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Site Value Tax Budget Submission – Press Release

Text of the press release sent out earlier today by Smart Taxes on our Budget Submission.

A new tax measure to help restore the public finances and prevent future property bubbles has been proposed by Smart Taxes, a network of environmentalists, economists and planning professionals. The group today released their pre-Budget Submission on implementing the tax reform.

“Only one kind of new tax can raise revenue and promote recovery and that is a Site Value Tax. The Government needs new tax measures to make up for lost income. Site Value Tax ensures that revenue-raising can be steady, fair and have positive effects on the economy and the land market,” said Emer O’Siochru, director of Smart Taxes.

Site Value Tax, already included in the Programme for Government, is a proposed annual charge on the value of residentially zoned land. It offers the Government a steady flow of income that is predictable and not dependent on transactions.

The Site Value Tax will cover all zoned land, and would therefore spread the burden wider than just households. According to Ms. O’Siochru, “Because undeveloped zoned land is also covered, the tax has a broader base and larger income than a property tax. This means that there will be enough revenue to grant several year exemptions to families that bought their homes during the boom.”

In a pre-Budget submission, Smart Taxes have set out the case for Site Value Tax, proving that it can be implemented quickly and easily. Speaking at an EEA Conference on Environmental Tax Reform, Dr. Constantin Gurdgiev of Trinity College Dublin estimated that the tax would raise more than €1.8 Billion. The full study on revenue potential will be completed shortly.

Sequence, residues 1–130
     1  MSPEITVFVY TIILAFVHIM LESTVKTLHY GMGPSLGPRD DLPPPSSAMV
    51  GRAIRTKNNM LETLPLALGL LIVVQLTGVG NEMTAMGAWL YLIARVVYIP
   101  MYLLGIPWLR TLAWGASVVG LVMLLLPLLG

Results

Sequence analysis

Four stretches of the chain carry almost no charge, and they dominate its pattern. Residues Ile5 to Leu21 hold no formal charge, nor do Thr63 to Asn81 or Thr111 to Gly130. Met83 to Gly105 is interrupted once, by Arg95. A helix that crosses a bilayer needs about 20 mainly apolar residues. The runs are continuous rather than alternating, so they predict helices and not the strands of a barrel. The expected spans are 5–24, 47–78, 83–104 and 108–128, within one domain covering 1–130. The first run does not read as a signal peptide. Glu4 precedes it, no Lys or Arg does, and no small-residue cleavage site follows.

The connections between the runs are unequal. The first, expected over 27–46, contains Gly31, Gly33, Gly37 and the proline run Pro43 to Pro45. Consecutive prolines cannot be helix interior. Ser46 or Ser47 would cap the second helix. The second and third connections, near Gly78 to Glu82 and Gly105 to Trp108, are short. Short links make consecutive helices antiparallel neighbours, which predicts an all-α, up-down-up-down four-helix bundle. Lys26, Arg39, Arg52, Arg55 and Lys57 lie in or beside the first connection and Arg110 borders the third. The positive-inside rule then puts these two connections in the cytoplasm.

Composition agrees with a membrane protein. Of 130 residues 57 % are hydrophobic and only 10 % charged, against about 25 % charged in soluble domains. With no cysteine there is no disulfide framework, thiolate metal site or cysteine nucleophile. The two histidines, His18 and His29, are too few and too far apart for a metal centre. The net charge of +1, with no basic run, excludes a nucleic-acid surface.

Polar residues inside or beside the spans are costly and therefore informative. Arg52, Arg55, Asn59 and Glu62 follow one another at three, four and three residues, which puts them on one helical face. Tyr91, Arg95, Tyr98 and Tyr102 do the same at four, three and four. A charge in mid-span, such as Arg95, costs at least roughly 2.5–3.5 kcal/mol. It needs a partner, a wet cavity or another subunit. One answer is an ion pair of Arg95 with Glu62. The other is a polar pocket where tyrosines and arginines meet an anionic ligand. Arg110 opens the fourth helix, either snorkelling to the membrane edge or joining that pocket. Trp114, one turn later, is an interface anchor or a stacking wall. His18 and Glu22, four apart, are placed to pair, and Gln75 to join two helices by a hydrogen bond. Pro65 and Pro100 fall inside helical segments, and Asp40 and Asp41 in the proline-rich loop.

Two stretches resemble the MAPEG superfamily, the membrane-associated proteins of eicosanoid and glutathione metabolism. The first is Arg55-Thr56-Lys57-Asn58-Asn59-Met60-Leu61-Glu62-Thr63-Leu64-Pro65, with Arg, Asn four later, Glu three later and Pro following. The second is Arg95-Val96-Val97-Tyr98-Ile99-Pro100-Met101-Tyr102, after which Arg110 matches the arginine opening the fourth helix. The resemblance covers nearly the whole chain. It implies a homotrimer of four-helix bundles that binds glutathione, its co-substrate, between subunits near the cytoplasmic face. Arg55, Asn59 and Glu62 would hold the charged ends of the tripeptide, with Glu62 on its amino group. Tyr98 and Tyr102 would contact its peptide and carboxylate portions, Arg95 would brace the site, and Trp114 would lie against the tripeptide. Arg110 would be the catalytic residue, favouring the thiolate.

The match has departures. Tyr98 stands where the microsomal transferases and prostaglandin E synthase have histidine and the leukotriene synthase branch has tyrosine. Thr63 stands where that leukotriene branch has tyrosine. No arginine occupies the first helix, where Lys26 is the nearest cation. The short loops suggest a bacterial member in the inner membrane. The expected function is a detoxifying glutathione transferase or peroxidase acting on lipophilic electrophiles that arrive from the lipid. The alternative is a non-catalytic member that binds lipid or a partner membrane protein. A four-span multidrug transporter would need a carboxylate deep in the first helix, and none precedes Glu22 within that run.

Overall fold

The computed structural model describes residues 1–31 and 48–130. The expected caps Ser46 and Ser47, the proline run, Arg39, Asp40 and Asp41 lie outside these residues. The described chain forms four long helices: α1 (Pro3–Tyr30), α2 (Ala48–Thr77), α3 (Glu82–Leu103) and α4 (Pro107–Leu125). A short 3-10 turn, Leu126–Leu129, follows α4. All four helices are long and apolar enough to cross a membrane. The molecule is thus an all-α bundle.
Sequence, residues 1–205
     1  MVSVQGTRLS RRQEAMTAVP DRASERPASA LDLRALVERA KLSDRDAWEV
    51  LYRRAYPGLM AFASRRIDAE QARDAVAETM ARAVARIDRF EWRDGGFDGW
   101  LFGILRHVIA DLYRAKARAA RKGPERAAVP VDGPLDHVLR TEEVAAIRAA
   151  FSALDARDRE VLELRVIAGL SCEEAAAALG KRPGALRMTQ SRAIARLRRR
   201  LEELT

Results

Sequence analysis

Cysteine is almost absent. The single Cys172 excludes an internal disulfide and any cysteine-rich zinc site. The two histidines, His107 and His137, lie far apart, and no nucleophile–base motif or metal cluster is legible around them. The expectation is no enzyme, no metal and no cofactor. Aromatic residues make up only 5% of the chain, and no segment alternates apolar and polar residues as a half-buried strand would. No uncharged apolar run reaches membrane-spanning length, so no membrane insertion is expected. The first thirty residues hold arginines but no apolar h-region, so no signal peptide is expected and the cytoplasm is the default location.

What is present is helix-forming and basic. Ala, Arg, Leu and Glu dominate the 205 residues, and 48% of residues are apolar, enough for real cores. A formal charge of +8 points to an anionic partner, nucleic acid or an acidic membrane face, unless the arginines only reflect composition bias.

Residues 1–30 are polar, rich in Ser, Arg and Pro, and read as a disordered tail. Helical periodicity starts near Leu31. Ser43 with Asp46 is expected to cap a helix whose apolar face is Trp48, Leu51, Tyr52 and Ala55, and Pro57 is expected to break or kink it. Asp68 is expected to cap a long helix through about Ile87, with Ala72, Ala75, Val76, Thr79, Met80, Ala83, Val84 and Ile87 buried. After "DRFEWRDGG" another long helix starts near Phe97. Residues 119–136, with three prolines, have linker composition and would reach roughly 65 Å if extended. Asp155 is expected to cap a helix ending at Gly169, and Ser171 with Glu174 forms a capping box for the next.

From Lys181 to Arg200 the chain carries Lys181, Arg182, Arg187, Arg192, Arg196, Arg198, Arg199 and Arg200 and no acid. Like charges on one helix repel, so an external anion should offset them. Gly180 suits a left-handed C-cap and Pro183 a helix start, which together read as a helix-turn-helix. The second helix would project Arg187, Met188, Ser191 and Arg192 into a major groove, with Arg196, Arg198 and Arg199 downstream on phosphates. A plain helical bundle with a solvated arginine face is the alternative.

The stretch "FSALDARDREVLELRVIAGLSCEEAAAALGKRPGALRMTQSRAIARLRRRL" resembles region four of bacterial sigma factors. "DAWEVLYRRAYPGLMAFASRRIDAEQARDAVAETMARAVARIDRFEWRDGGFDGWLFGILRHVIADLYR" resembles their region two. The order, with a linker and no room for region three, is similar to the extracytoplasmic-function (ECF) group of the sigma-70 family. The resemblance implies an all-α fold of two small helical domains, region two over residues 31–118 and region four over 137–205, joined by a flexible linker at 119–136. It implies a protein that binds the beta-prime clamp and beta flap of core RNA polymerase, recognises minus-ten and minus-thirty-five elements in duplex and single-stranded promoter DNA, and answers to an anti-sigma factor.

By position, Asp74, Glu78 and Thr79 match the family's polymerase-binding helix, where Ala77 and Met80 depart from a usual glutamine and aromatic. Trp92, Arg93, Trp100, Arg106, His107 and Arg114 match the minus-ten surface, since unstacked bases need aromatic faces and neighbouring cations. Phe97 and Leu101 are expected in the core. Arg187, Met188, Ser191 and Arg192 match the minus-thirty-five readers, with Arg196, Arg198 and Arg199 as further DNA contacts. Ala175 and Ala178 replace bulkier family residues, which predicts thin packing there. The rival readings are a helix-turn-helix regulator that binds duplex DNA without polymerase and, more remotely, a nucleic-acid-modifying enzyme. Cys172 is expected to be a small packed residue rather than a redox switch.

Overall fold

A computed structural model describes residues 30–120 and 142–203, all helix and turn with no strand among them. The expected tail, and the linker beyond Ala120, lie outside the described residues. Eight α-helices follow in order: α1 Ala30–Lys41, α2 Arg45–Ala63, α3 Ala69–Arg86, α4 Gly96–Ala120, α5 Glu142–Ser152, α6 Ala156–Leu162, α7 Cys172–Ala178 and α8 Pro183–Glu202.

The EEA Conference saw a number of presentations on Site Value Tax. Expert speakers demonstrated that Site Value Tax has important economic and environmental effects. Unlike a property tax, it can help rescue cities from dereliction, crime and unemployment.

The Budget Submission proposes a multi-annual exemption for those who purchased during the boom period. Elderly homeowners will be able to defer their payments until their home changes hands.

The tax will replace Stamp Duty and Development Levies, upfront costs that discourage needed construction work. The tax will discourage speculation on land, preventing future property price bubbles and encouraging productive, job-creating investment.

Site Value Tax also helps spatial planning, as landowners must pay as soon as their land is zoned, discouraging excessive zoning and urban sprawl. Local authorities will have reliable annual funding to provide necessary infrastructure and services.

The tax collects much of the increase in land values caused by services and infrastructure provided by national and local government, so that increased tax revenues will gradually repay public expenditure.

For more information, including the text of the Budget Submission and further Smart Taxes research, see

Posted in News, Site Value Tax.